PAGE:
In my 20s, I lived in Wiesbaden, Germany. I worked at the U.S. Air Force Wiesbaden Hospital.

Bright one morning in the summer of 1986, helicopters hovered over the hospital. My American friend and I were curious as to why the helicopter was landing so close to the hospital. As we watched just inside the glass door they would soon walk through, out stepped several men in black suits. They surrounded a man. From the balcony, people cheered as they entered the building. Suddenly I realized I was an arm’s length away from the vice president of the United States, and in that moment I smiled and waved. He  looked straight at me and chuckled! It was a very kind, unassuming laugh. It didn’t make me feel bad; perhaps he understood my predicament. There I was, unprepared and a bit untidy. I was new to the whole military scene. However, I had saluted 4-star generals, colonels, and captains before. But in that moment, I just forgot that I was in the presence of their boss. Instead of saluting as I should have, the best I could come up with was a wave and a big smile.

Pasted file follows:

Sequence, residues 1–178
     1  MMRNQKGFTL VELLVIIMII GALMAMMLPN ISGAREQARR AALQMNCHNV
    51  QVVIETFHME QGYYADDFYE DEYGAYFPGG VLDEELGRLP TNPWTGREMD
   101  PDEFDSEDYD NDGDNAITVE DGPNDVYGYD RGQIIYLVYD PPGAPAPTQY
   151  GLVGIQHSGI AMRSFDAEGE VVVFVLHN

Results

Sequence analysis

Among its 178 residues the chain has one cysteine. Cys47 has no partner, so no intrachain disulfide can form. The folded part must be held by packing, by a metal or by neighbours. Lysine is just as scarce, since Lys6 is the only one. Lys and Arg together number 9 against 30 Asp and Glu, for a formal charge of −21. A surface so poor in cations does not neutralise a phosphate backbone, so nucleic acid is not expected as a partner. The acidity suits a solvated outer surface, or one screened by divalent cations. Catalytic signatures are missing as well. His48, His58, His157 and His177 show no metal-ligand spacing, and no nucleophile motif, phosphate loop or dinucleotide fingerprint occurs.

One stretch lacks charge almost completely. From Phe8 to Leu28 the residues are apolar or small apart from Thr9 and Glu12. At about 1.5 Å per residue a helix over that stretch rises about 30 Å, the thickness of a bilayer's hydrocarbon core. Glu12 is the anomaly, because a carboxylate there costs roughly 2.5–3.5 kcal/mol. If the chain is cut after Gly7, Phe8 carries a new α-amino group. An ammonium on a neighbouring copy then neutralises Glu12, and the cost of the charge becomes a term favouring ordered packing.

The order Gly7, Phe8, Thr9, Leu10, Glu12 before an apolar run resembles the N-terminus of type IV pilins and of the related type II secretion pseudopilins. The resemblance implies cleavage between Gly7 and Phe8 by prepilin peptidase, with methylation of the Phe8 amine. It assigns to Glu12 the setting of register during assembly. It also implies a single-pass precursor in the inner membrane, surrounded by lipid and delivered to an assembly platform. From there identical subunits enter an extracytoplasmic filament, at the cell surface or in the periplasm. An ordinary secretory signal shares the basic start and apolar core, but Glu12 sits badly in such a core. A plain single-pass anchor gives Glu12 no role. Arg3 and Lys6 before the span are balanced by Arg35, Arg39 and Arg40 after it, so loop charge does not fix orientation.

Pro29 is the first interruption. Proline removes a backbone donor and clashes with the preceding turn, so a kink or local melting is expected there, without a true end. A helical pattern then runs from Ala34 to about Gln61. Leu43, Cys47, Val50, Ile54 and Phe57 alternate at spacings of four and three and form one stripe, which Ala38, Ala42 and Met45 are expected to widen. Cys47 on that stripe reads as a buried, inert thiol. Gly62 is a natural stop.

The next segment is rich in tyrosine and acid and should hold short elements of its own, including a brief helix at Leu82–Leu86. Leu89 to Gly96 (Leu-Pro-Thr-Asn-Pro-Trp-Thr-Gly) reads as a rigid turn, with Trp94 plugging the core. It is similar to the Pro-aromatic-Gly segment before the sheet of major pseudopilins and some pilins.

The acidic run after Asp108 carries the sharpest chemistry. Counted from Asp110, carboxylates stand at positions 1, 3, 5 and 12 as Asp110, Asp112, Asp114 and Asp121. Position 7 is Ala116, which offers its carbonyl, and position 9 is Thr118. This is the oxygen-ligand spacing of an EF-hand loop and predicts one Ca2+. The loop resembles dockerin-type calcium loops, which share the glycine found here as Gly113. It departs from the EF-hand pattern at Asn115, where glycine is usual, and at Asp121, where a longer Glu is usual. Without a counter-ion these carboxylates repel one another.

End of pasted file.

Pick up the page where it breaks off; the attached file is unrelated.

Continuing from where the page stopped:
As a parent, there are times I still think of this scene. I should treat my children like I was treated. Yes, I am in charge of our homes, and there are certain ways things should be done. But this is a whole new world, and my children aren’t always sure when to salute and when to wave. Hopefully, I will gently guide them more than I will demand them.

Even God, Creator of all the earth and deserving the utmost respect, allows us to choose our actions. There are consequences for these choices, and at times there are none. Sometimes God simply smiles and chuckles when we wave and we should’ve saluted; when we lash out when we should’ve shown compassion; when we push forward instead of pray and be still.